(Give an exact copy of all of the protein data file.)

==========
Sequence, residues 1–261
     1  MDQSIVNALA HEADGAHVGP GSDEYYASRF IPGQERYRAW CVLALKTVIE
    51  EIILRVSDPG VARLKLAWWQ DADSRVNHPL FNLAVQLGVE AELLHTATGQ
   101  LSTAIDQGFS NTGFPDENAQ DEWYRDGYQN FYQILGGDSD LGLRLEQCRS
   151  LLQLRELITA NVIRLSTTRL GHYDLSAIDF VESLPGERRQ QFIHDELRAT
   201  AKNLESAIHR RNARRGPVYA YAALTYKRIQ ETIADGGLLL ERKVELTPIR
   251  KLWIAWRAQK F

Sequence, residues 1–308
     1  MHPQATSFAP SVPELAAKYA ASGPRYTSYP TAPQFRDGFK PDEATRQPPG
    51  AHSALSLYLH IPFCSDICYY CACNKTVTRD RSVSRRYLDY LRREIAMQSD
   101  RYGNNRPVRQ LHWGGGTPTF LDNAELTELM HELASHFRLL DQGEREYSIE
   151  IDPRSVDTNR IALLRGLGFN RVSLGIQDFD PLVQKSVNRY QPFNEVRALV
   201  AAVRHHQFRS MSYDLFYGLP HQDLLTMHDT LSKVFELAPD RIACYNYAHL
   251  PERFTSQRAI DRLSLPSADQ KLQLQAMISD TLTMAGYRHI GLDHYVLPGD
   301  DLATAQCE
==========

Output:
Sequence, residues 1–261
     1  MDQSIVNALA HEADGAHVGP GSDEYYASRF IPGQERYRAW CVLALKTVIE
    51  EIILRVSDPG VARLKLAWWQ DADSRVNHPL FNLAVQLGVE AELLHTATGQ
   101  LSTAIDQGFS NTGFPDENAQ DEWYRDGYQN FYQILGGDSD LGLRLEQCRS
   151  LLQLRELITA NVIRLSTTRL GHYDLSAIDF VESLPGERRQ QFIHDELRAT
   201  AKNLESAIHR RNARRGPVYA YAALTYKRIQ ETIADGGLLL ERKVELTPIR
   251  KLWIAWRAQK F

Sequence, residues 1–308
     1  MHPQATSFAP SVPELAAKYA ASGPRYTSYP TAPQFRDGFK PDEATRQPPG
    51  AHSALSLYLH IPFCSDICYY CACNKTVTRD RSVSRRYLDY LRREIAMQSD
   101  RYGNNRPVRQ LHWGGGTPTF LDNAELTELM HELASHFRLL DQGEREYSIE
   151  IDPRSVDTNR IALLRGLGFN RVSLGIQDFD PLVQKSVNRY QPFNEVRALV
   201  AAVRHHQFRS MSYDLFYGLP HQDLLTMHDT LSKVFELAPD RIACYNYAHL
   251  PERFTSQRAI DRLSLPSADQ KLQLQAMISD TLTMAGYRHI GLDHYVLPGD
   301  DLATAQCE